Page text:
BREXIT: Back to national intellectual property rights.

EU trademarks and designs are intellectual property rights that cover the whole EU. This is very interesting for companies because they receive uniform protection for 28 countries at relatively low costs. The withdrawal of the British reduces the EU and thus the scope of EU intellectual property rights. In the future, anyone who wants to protect their brand or design in the UK must apply for national or international registration.

Great Britain will leave the European Union on January 31, 2020. The Withdrawal Agreement provides a transition period, in which the UK remains part of the European single market and adheres to all EU rules and laws. Unless the transition period is extended at a later date, it ends on December 31, 2020.

Until the end of this transition period, nothing will change regarding UK intellectual property protection. Only after the transition period there will be changes.
After the transition period, there will be no EU trademarks (Community trademarks) or EU designs (Community designs) for Great Britain. To avoid deprivation of rights from one day to the next, there will be “parachutes” for a gentle landing.

Transitional regulation for EU trademarks:

If an EU trademark is registered before the end of the transition period, it will apply to both the UK and the EU. The same applies to EU trademarks that will be renewed during the transition period.

After the end of the transition period, such EU trademarks are automatically converted into national British trademarks. These are completely independent of the original EU trademark. A piece of the EU trademark is thus virtually cut off and continued at the national level. Such British trademarks must then also be renewed at the UK Intellectual Property Office (UK-IPO) in due time when the basic term of protection expires.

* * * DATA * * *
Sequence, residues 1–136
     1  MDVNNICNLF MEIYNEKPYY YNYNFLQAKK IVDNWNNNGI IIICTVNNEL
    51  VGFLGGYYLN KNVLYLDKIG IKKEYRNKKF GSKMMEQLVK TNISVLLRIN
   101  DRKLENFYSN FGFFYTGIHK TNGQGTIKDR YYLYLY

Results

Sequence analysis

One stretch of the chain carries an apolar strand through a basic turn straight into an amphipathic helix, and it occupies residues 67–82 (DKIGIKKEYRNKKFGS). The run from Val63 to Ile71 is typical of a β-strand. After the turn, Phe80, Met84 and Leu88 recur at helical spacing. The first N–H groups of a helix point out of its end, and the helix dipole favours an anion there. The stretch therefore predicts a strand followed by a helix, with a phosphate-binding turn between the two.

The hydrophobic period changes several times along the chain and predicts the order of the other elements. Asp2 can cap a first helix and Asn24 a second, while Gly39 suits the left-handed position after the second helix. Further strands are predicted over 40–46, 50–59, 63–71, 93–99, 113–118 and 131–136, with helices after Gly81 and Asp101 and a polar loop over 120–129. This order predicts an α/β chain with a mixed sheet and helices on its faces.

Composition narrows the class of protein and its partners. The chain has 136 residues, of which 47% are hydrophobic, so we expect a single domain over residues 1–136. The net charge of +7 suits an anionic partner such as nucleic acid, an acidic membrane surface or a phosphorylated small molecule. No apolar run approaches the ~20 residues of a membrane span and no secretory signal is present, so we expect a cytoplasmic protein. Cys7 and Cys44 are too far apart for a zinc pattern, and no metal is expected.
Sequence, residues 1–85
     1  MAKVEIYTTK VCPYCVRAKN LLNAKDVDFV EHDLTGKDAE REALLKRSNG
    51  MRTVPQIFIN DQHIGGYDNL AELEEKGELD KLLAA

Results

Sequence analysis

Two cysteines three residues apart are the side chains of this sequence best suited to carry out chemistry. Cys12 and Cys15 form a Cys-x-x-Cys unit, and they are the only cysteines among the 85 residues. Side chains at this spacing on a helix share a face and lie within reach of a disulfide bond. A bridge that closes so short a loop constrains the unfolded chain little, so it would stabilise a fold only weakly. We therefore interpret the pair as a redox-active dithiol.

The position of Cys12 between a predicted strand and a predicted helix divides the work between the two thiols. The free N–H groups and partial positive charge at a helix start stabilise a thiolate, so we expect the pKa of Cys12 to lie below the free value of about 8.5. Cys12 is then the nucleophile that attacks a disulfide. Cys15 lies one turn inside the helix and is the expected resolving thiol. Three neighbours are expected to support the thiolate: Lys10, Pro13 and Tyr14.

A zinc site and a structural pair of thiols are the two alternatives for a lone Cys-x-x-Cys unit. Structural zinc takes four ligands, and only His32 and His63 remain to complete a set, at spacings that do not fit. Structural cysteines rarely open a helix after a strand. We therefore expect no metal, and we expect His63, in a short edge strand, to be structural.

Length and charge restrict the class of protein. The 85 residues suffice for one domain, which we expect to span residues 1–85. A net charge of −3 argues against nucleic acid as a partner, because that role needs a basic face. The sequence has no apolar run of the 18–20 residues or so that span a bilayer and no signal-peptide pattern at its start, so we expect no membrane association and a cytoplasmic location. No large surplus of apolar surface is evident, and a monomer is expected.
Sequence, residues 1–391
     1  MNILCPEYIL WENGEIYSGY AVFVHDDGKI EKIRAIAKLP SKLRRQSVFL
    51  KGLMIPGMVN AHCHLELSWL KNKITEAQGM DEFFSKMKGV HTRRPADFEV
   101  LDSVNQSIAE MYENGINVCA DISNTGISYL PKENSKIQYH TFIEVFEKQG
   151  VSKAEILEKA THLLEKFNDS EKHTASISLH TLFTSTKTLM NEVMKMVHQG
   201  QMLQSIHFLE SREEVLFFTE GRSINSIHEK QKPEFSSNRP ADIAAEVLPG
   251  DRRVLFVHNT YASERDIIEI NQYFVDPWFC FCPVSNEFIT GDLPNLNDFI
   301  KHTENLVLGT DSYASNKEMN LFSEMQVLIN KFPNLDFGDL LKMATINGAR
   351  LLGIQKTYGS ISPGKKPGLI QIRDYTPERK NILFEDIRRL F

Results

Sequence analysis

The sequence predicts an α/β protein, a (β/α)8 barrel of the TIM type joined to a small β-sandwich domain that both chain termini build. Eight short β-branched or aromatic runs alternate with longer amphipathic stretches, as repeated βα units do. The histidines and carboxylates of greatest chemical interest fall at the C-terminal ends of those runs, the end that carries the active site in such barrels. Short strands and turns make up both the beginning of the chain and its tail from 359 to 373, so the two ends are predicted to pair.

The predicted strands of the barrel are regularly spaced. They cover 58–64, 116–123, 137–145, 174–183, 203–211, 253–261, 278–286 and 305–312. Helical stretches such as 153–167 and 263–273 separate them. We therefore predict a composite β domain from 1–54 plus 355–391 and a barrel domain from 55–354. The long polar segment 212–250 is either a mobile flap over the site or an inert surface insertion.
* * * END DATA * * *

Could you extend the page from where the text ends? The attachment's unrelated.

If an EU trademark application is not yet registered at the end of the transition period, however, it will not be automatically converted into a national British trademark. If such an EU trademark application is also to have an effect in the UK, an application must be made to the UK Trademark Office within nine months of the end of the transition period. After the conversion has taken place, such national, British trademarks are also completely independent of the EU trademark from which they originated. Of course, these national trademarks will also have to be renewed in the future via the UK Intellectual Property Office (IPO). So there is no "central" renewal it is the case for the EU trademark and the corresponding British trademark.

The existing system for national and international trademark registrations with effect for Great Britain does not change.

Transitional arrangements for EU designs:

The same applies to EU designs and to the future protection of designs in Great Britain. After the transition period, only national and international design protection will be possible for Great Britain.

With respect to patents the BREXIT does not change anything. Since there has been no EU patent so far, the BREXIT has no impact on patents for Great Britain. You can still apply for international applications and European patents for the UK.